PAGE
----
Beverage Dynamics

Beverage Dynamics Jan-Feb 2016

Beverage Dynamics is the largest national business magazine devoted exclusively to the needs of off-premise beverage alcohol retailers, from single liquor stores to big box chains, through coverage of the latest trends in wine, beer and spirits.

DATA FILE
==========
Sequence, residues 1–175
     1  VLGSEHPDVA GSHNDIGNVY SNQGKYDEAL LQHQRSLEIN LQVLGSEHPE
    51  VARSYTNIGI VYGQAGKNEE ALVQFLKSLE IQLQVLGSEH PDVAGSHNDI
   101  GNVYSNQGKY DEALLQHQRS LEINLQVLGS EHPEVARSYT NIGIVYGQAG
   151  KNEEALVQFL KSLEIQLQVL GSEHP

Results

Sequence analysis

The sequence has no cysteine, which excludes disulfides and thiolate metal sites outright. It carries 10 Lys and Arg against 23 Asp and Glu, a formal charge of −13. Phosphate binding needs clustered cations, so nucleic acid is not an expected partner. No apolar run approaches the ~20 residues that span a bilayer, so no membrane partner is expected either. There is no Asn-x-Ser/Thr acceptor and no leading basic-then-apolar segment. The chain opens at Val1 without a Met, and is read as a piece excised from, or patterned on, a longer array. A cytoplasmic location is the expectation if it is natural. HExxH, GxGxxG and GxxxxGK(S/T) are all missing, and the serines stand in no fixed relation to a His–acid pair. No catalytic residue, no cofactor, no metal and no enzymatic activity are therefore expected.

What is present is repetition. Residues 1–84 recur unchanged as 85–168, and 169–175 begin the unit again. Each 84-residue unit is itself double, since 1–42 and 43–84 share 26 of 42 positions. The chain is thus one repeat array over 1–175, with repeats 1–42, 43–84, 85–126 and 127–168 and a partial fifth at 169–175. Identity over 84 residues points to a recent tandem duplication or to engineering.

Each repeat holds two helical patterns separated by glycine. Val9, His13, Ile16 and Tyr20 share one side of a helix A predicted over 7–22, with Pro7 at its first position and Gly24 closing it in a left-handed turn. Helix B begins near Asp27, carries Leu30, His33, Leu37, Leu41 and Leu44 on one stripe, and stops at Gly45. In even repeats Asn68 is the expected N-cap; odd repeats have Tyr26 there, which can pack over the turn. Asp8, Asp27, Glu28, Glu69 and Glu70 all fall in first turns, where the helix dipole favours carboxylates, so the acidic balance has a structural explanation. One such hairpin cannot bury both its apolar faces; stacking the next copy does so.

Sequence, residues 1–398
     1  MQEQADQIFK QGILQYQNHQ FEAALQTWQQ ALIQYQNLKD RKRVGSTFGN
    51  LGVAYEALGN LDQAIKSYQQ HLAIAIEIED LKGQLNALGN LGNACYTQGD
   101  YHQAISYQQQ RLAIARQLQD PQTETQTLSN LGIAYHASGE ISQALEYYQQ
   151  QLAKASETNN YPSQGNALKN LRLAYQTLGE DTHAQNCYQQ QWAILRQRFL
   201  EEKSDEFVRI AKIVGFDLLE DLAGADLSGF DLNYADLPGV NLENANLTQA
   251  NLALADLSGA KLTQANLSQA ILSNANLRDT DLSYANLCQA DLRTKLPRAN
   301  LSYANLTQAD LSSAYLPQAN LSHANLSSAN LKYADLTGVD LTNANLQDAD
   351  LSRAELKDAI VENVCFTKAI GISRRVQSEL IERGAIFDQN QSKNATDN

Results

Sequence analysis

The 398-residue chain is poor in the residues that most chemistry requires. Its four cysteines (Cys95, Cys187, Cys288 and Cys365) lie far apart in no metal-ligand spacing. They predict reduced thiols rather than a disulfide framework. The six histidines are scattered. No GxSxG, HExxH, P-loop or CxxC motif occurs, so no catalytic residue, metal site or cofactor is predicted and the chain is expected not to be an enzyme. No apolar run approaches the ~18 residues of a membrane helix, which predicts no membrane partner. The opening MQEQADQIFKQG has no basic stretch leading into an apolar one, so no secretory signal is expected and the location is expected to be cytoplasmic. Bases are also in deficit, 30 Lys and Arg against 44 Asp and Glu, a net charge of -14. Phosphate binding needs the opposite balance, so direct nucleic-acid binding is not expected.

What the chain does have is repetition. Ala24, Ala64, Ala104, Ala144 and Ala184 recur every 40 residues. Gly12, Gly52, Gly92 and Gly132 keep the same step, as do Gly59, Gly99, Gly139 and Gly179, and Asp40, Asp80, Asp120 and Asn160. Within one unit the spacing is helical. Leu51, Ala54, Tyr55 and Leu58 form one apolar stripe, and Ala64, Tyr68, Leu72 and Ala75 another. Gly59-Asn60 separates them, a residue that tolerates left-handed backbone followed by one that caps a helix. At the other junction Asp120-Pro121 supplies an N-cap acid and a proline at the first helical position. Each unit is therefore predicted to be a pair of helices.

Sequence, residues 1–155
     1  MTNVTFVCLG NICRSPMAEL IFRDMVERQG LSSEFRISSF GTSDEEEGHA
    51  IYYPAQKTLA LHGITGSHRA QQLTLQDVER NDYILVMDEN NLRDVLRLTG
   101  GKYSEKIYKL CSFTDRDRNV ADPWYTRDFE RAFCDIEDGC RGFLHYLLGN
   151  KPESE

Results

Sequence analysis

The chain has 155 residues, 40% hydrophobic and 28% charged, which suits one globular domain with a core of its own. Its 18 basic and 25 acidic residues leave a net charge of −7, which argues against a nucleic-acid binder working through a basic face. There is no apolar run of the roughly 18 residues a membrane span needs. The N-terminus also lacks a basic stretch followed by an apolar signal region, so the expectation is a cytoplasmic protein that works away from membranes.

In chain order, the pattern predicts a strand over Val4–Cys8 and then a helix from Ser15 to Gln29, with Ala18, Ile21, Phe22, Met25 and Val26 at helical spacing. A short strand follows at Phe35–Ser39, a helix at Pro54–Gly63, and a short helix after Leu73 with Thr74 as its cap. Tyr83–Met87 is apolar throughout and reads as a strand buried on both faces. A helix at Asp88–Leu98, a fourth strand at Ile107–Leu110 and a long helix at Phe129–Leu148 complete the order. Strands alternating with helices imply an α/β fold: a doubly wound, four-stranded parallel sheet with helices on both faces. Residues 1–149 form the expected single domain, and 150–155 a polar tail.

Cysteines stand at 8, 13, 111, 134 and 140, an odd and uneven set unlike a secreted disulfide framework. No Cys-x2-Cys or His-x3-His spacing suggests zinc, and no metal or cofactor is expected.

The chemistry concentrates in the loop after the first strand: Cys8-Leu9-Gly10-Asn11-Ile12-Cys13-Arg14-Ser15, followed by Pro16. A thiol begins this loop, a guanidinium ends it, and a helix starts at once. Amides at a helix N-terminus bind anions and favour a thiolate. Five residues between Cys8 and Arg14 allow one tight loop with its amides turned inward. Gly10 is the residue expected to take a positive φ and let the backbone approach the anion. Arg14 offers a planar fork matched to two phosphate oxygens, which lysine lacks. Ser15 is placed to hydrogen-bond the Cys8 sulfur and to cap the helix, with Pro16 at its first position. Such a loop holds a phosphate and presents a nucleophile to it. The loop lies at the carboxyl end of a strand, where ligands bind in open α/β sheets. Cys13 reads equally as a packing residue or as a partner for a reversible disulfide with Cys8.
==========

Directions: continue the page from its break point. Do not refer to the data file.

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Page 64 of 71 January/February 2016• Beverage Dynamics 65 THE ALLURE OF EXOTIC SPIRITS BY JACK ROBERTIELLO AS THE AMERICAN ROMANCE with international spirits continues, retailers often fi nd themselves in the position of selling categories beyond their working knowledge base. Here, Beverage Dynamics presents seven of those exotic spirits in one place, creating a snapshot of their market potential, production methods and unique qualities. PICSO'S POPULARITY Pisco is a South American grape brandy, over which Peru and Chile have long battled as the rightful home country. But for U.S. retailers, that merely means plenty of choice. Records of pisco production in Peru date to 1613, and the drink was once highly popular on the west coast of the U.S., especially in San Francisco. Pisco sours and punches were widely served there in the 19th and early 20th centuries. Today, Peru has fairly rigid standards of production. By law, pisco is made in limited re- gions by distilling fermented must of only eight grapes. There are two grape categories - aromatic (Italia, Albilla, Muscat, and Torontel) and non-aromatic (Quebranta, Negra Criolla, Mollar and Uvina). Peruvian pisco must be distilled to bottling proof (roughly 40 percent ABV), and aging in wood is not allowed. However, spirits may rest in stainless steel, glass or earthen jugs called piscos. Styles of Peruvian pisco include puro (made from one varietal), and the more widely available acholado (blended pisco made from two or more varieties). Mosto verde pisco, made with partially unfermented must, tends to be rare and more expensive. In Chile, producers have fewer limitations. They may distill to a higher proof or multiple times and add water before bot- tling. They are also allowed to age in wood, and some do briefl y, creating a golden-hued brandy. There, piscos are categorized by proof - 30 percent ABV for traditional, 35 for especial, 40 for a reservado and 43 for a gran pisco. Aged piscos are either guarda (aged less than a year) or envejecido (aged at least one year). Three types of Muscat grapes are allowed, though Moscatel of Alexandria is the most widely used; Pedro Jimenez and Torontel are also allowed. In the U.S., the producers of Peruvian pisco, like Diego Loret de Mola of BarSol, Melanie and Lizzie Asher of La Diablada SELECTED LEADING BRANDS OF EXOTIC SPIRITS, 2012-2014 (9-Liter Cases) '13/'14 Brand Supplier Country of Origin Category 2012 2013 2014 % Change Monte Alban Gold Sazerac Mexico Mezcal 30 35 40 14.3% Leblon Cachaça Bacardi/Leblon Brazil Cachaça 31 33 34 3.0% Jinro Soju Jinro USA South Korean Shochu / Soju 22 23 24 4.3% Capel Shaw-Ross Int'l Importers Chile Pisco 16 16 17 6.3% Pisco Portón Pisco Portón, LLC Peru Pisco 8 12 13 8.3% Gusano Rojo Mezcal Frank-Lin Mexico Mezcal 5 7 9 28.6% Ypioca Anchor Distilling Brazil Cachaça 6 6 9 45.0% Pitu Winebow Brazil Cachaça 6 6 6 -8.3% Cachaça '51' Sazerac Brazil Cachaça 5 5 5 -10.0% Velho Barreiro Admiral Imports Brazil Cachaça 5 5 5 -10.0% Wild Shot Mezcal Shaw-Ross Int'l Importers Mexico Mezcal 3 4 4 0.0% Sagatiba Cachaca Campari America Brazil Cachaça 7 6 1 -83.3% Don Cesar Pisco Anchor Distilling Peru Pisco 1 1 1 -33.3% Total Leading Brands 145 159 166 4.4% was once highly popular on the west coast of the U.S., especially

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